Everyone knows this koan-like query: If a tree falls in the forest and there's no one there to hear it, does it make a sound? When I was introduced to this puzzle as a young child, it confounded me. My first thought was: Why do people care about unobserved trees toppling over? What was the point of thinking about it at all? The idea of such a thorny query existing struck me as both profound and absurd. Why not ask instead: If a ham sandwich sits on a kitchen counter in Hoboken, New Jersey, will it make me hungry? But when I tried to picture a tree falling, I realized that I was just replaying television footage of giant pines crashing to the ground with a great whoosh and thump (from some PBS special on clear-cutting undoubtedly). The woods I knew were populated by people wielding cameras, observing. That wasn't going to work.
So then I squeezed my eyes shut tight and imagined myself walking through the woods, just walking around aimlessly, kicking through the pine needles, not expecting a tree to fall but waiting for a tree to fall. Maybe it would fall way off in the distance so I could pretend I wasn't actually listening. This scenario wasn't going to work either, as I was still going to be there to hear the sound, and the point of the exercise was to address whether or not the poor tree could be heard keeling over. I needed a depopulated, silent forest, a dying tree, and a way to record it.
This was the profound bit: How to imagine a tree and whether or not it made a sound. Trying to envision this was one of the first mind-bending moments I remember. It was a Schrodinger's cat type of thing: How could you find out what happened if you weren't allowed to be there? Was silence just the lack of human perception? If so, did the universe go dormant when people weren't around? And then further down the solipsistic rabbit hole: Did things stop when I was napping, like everyone just sort of slumped over like they ran low on batteries and then perked up when I awoke?
Typical greasy kid's stuff. And then I had a breakthrough: Just leave a tape recorder in the forest and come back later. You'd need a long-playing tape, of course. You'd have to hope the tree wouldn't fall on the tape recorder as well; or that you wouldn't be eaten by bears. But then we would know—all you'd have to do was playback the tape. If only there had been woods near my house I'd have done it myself. I'd have solved this dilemma once and for all! I pictured playing the tape at the UN (which is where I thought the Nobel Prize was awarded) and receiving the grateful, thunderous applause of the assembled nations, just reward for a boy genius.
I was too young to know that this was a theoretical question about how we define sound—whether it's a vibration independent of its reception by the brain or whether it relies on being perceived to make it sound. The fact that this theoretical question persists tell us an amazing thing about ourselves: We're quite self-centered to think that the universe needs our perception to validate its existence. Was the universe silent before the arrival of homo sapiens? Did disturbances of air become sound only 200,000 years ago, when we made the scene? Two hundred thousand years is an awfully short period in geological time—it must have been awfully quiet out there. Is it still a sound if a pterodactyl makes it and a stegosaurus hears it?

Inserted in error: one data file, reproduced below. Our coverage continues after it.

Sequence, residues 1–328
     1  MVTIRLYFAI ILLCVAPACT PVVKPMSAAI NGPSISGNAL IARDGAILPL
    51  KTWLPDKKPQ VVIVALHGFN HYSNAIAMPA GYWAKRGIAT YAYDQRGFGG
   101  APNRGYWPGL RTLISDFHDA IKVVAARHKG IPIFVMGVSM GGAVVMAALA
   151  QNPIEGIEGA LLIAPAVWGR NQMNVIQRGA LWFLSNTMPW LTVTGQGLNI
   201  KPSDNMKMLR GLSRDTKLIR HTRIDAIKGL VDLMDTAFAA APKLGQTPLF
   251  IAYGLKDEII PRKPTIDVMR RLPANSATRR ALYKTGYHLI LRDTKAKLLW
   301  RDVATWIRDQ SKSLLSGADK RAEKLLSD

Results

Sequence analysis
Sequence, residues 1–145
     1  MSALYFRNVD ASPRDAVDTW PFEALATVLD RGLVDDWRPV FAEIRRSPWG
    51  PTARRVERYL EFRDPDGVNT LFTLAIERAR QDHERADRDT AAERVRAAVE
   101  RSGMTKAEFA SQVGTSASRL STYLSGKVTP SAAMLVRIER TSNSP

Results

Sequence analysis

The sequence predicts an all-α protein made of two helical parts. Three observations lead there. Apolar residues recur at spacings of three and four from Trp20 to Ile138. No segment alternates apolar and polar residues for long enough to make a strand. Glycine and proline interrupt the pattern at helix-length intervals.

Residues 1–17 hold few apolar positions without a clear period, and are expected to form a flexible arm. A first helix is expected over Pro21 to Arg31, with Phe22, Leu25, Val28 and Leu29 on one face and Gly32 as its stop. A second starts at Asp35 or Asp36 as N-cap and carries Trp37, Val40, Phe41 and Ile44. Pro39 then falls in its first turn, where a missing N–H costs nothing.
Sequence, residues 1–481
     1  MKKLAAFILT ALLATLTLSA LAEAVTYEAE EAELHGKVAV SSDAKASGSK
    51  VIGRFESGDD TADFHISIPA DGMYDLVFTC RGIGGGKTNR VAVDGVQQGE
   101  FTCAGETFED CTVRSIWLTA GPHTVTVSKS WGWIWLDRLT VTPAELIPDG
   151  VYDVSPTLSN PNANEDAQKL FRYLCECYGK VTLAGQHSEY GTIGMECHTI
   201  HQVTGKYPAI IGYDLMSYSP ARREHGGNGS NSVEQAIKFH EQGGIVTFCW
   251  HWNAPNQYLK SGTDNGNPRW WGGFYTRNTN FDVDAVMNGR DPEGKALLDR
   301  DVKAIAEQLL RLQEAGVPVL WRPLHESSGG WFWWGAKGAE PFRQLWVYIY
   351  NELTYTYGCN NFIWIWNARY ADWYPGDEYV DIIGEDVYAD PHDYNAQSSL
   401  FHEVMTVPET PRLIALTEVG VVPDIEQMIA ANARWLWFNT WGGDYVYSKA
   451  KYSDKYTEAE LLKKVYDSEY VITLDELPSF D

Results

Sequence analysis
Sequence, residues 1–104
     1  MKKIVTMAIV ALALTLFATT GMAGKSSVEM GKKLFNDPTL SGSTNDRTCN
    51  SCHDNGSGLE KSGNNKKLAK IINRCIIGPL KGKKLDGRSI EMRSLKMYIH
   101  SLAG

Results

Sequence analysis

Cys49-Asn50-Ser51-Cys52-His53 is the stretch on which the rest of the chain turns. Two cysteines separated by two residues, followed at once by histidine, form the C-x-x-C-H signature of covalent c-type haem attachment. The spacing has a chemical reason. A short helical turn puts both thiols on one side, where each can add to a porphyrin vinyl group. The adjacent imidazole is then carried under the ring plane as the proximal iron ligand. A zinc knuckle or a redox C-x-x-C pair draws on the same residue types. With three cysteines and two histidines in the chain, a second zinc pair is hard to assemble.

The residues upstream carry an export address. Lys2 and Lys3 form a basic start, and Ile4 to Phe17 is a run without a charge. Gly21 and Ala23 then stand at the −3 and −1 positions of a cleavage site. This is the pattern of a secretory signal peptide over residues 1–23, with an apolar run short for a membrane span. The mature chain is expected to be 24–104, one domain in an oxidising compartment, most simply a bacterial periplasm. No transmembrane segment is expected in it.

All this reminiscing about my early philosophizing was brought to mind by Wendy Kagan's exploration of silence as a spiritual practice ("Daring to Be Silent"). Nearly all religions have meditative quietude as part of their tradition, as a road to the interior, a way to get closer to the divine.
Contemporary silent practice is different from that practiced by monks in the 16th century. Those monks didn't have to contend with their iPhones beeping at them every minute with updates from Facebook, Instagram, and Twitter. Our world is noisier than ever. But as cacophonous as our environment is, it's noisier inside. Silent meditation brings the interior chatter to light. "Silence acts as an intensifier," says meditation teacher Sharon Salzberg. "We can see more clearly the lack of silence that's going on in our minds." And that's a scary thought—I can see myself on the third day of a silent retreat repeating to myself the suspense film cliché: "It's quiet in here. Too quiet."
What we consider silence, however, is not the genuine article. The composer John Cage went in search of it, visiting the anechoic chamber at Harvard University. An anechoic chamber is a room designed to completely absorb sound—a silent room. When Cage emerged, he told the technician he had heard two sounds: one high and one low. The technician told Cage that the high sound was his nervous system operating, and the low sound was his blood circulating. Cage concluded that there was no such thing as silence in an auditory sense. "Silence is not acoustic," Cage later wrote. "It is a change of mind, a turning around."
Cage's best-known work, 4'33", debuted on August 29, 1952 at Maverick, an open-air concert hall in the woods outside the village of Woodstock. The piece consists of any instrument or combination of instruments not being played for roughly four-and-a-half minutes. I imagine the baffled crowd at the premiere watching the lone pianist on the stage, not playing. Cage's point was to get people to listen to the accidental sounds around them, like the wind through the pines, or the late summer crickets, or the sound of their own blood circulating. Maybe they heard a tree falling somewhere in the distance. Maybe not.